Bachmann’s comedy is hardly isolated, as Herman Cain brings his own sort of standup to the proceedings, introduced in the film as he sings the gospel standard, “Hold on just a little while longer/Everything’s going to be all right,” just before he offers his basic self-characterization, “I think its time for a business problem solver!” Yay, cheers the crowd, small as their numbers may be. The crowds range in size and enthusiasm throughout the film, some looking large in wide shots, like those who assemble to watch New Gingrich and Callista (his affair with Callista was a mistake, concedes one fan, but now, she’s so “heavenly” and he’s so much “more genuine”), but many more of them smallish, gathered informally in small venues like restaurants and town halls, or filling auditoriums to hear snippets of stump speeches one after another. “You want to send a message about the issues you care about,” announces Santorum as he walks away from one brief appearance at a podium, “You know what to do!”
As awkward as such carefully staged bits and pieces might be, they’re not so diverting as some of the lively exchanges with individuals voters, who apparently mean to make their seriousness known. Perry and his team spar briefly with a heckler, telling him, “If you don’t want to listen to him, don’t come,” at which point he announces, “I can do whatever I want, pal. And I can keep doing it, there’s nothing you can do about it.” As Perry exist, the heckler makes fun of his retreat: “Goodbye, fascist!” Gingrich shares a minute with a reporter, showing off his knowledge of zoos: “It’s such a remarkably well done zoo,” he says of one in Iowa, “It’s on my short list of really, really smart zoos.” Marcus Bachmann declares that as First Spouse, his “cause will not be Happy Meals,” but values and a federal law banning gay marriage, and, it sounds like, gayness generally. When Bachmann is approached by a voter who shakes her hand and says, “My name’s Brad and I wish that you would stop teaching people to hate gays,” she smiles brightly as he walks away. “Thank you for giving me your piece. I’m glad that you’re here and sorry that it’s not true.”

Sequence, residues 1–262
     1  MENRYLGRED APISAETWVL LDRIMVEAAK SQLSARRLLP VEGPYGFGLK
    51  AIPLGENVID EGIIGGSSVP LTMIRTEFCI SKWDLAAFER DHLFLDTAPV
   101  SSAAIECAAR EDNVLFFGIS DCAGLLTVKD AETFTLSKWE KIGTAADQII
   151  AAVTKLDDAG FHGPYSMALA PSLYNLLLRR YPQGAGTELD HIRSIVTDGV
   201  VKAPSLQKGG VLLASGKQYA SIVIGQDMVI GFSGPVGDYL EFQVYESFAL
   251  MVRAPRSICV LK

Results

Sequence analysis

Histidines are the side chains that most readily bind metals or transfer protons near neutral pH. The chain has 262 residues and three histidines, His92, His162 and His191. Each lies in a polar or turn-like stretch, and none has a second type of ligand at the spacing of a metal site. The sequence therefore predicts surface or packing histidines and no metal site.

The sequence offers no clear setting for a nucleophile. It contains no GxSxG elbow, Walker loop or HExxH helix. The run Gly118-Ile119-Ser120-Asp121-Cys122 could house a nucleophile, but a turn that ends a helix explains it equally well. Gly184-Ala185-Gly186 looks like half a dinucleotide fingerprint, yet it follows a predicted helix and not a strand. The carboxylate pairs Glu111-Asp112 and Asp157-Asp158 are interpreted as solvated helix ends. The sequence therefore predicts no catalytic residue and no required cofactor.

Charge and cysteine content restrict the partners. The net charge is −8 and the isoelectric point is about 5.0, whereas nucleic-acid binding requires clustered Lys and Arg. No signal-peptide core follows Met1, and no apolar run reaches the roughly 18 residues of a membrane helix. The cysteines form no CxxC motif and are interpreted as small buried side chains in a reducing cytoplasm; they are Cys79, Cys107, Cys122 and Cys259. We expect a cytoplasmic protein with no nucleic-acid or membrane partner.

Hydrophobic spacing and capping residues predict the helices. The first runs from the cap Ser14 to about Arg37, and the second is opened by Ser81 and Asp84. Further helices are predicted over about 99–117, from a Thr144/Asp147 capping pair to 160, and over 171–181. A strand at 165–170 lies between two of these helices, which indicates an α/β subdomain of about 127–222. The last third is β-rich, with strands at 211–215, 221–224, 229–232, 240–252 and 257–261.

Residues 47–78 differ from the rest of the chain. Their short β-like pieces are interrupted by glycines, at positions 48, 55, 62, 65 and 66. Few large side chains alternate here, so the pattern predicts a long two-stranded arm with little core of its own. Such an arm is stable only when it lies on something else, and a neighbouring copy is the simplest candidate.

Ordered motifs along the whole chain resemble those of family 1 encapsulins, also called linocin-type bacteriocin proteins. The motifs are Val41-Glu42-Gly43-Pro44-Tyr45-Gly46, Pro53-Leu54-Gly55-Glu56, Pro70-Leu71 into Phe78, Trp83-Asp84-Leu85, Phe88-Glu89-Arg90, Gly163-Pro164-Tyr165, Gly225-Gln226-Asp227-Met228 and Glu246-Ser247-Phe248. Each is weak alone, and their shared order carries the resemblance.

Whether such moments make media headlines seems a matter of chance; Romney’s assertion that corporations are people shows up here, as does his effort to make a $10,000 bet on stage with Perry. Caucus makes some fun of the headlines process too, using cute music a and animated highlighted versions of newspapers as plotty intertitles (who’s up, who’s down). That none of this matters, in the end—that the primaries went on and on, that campaigns went up and down and that Romney, the man and campaign with the most money, ended up the candidate—is all foregone. And still, Caucus reminds you, people do take it serious.